To determine whether this estimate was accurate for real multicast distribution trees, we measured the metric, delta, for a number of real groups. Furthermore, we explored the metric's dependence on temporal and spatial factors such as receiver duration and interarrival times as well as receiver distribution.
The first graph to the left is for a real group where the temporal domain has been stretched by randomizing receiver duration and interarrival times. The second graph stretches the spatial domain by using random receiver distributions. To collect this "synthesized" dataset, we traced paths from a local source to a random collection of receivers over the current multicast infrastructure of the Internet. So, although the receiver distribution was random, the underlying topology was not.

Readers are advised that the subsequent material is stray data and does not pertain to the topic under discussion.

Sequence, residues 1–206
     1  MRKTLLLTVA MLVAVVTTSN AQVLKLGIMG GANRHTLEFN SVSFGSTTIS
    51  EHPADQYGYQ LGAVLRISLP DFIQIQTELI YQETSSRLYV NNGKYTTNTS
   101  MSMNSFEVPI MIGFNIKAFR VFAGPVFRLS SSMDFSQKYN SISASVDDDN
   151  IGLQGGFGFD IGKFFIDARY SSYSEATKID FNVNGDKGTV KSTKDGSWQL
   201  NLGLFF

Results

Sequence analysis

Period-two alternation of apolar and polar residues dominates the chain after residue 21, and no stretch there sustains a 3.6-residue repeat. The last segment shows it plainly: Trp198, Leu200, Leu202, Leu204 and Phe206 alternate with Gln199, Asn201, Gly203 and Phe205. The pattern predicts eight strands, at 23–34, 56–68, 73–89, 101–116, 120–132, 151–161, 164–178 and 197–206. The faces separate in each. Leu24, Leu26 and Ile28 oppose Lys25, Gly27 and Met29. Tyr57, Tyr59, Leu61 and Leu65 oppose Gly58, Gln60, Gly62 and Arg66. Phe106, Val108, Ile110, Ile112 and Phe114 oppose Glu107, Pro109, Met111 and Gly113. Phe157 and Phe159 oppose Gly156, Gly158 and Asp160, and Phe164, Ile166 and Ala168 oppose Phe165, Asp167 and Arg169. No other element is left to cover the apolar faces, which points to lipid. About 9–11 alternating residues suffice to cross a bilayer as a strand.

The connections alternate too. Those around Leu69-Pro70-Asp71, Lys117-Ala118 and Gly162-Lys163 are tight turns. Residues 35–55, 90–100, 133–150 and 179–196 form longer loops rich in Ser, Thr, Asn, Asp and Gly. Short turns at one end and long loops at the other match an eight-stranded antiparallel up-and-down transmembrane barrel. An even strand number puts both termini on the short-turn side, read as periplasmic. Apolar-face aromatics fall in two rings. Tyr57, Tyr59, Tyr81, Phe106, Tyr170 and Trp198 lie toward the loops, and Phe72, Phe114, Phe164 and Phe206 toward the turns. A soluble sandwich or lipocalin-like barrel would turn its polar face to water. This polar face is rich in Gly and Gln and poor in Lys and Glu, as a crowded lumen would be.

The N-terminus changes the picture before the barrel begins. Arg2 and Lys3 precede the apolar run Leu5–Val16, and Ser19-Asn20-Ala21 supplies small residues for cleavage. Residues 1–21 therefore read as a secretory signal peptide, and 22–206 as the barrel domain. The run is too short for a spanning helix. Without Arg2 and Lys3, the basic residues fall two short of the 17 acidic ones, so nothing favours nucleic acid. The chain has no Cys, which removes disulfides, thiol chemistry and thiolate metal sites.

So, the efficiency estimate holds over a wide range of group dynamics and distributions within a small range of values of epsilon, from .30 to .34. The estimate tells us how efficient an interdomain multicast should be. With even a small number of receivers, multicast outperforms unicast by a wide margin. For 20 to 40 receivers, we can expect a 6070% increase in efficiency, reaching 80% for 150 receivers.